Farmington cops aren’t sold on them as a teaching tool, but council members don’t want to deny citizens pursuing law enforcement.
There are better ways to walk a mile in a police officer’s boots than riding along in a squad car, said Farmington Police Chief Brian Lindquist.
Lindquist decided to end citizen ride-alongs about a year ago because of safety and liability concerns, and the issue resurfaced at a recent council workshop after a resident asked a council member why they are no longer offered.
“There’s this fascination with what law enforcement does, but it’s not really a spectator sport,” Lindquist said in an interview. “There are so many other ways to get a taste [of what officers do].”
Both citizens and officers are put in an “unwilling position of harm and liability” in “just about everything that you could imagine we’d end up doing,” he said. High-speed pursuits, catching up to a speeding driver, running to a medical call, or a traffic stop turning into a fight could all put a resident in danger when riding in the squad car, he said.
“It just made sense that it wasn’t worth having to subject a civilian passenger to any of those risks, and it wasn’t worth having the officer reevaluate what he would do, because now he has to worry about someone else in addition to just himself immediately in his vicinity,” Lindquist said.
Farmington joins several surrounding cities that have ended ride-along programs. Burnsville hasn’t offered ride-alongs for a number of years, and Lakeville reports the same, citing liability concerns. Eagan’s ride-along program is temporarily suspended while new officers and interns are trained. The program will be reevaluated once training is completed.
Lindquist said the decision in Farmington was not in response to any particular incident. “If I want them to walk a mile in my boots,” the chief said, he could give residents the same experience even more effectively by showing videos of police response. Some ride-alongs involve driving around for six hours without a call, and videos could show more of the action, he said.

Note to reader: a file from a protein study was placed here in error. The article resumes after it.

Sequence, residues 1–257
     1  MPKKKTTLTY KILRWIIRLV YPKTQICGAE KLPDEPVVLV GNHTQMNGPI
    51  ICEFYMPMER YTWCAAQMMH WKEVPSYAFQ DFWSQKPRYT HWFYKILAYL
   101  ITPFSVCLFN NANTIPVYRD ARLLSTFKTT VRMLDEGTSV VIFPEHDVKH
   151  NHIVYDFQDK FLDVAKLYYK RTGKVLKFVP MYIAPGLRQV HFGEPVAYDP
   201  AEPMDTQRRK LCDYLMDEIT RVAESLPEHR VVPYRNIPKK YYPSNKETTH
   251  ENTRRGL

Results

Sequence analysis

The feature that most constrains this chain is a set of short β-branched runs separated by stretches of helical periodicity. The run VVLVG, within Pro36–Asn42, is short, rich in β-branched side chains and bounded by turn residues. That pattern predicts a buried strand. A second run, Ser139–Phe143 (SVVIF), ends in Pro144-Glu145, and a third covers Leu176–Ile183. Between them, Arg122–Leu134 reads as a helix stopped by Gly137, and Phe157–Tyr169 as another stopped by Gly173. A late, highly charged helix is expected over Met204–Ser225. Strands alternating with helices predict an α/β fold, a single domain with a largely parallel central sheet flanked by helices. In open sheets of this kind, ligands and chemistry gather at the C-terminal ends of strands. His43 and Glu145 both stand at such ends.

The council asked Lindquist to put together a video that would replace ride-alongs. The video will be presented to the council in the next month or two, and discussions will continue this summer, Farmington City Administrator David McKnight said.
“If the council decided the video would be good enough, then that decision [of ending ride-alongs] would be fine,” Mayor Todd Larson said. “But if not, we still need to explore the ride-along situation.”
Farmington offers a citizens’ police academy every other year, and in the past, the chief required ride-alongs as part of the academy — about 15 each year. The department hosted roughly 20 ride-alongs annually.
Council Member Christy Jo Fogarty said she’d like to at least allow residents interested in law enforcement the opportunity to ride along with an officer.
“I’m going to continue to push pretty hard,” she said. “I really hate to see that opportunity close up.”
She said that seeing the six hours of boredom followed by 10 minutes of sheer adrenaline is important for people to understand when considering the career.
“I think there’s a fine line between closing yourself off from your community and opening yourself up to liability,” Fogarty said.
Lindquist said he rarely gets requests from those interested in the career — maybe one or two each year at most. Even then, “I just don’t think the front seat of the squad car is the best place for that experience to take place,” he said.
While Fogarty and City Council Member Jason Bartholomay would like to see more flexibility, others would like to leave it at the discretion of the chief.
“I most certainly would not step over our chief of police and say, ‘You’re going to do these,’ ” Fogarty said. “He has to be comfortable, too. He doesn’t want to put his guys at risk, and I don’t want his guys at risk.”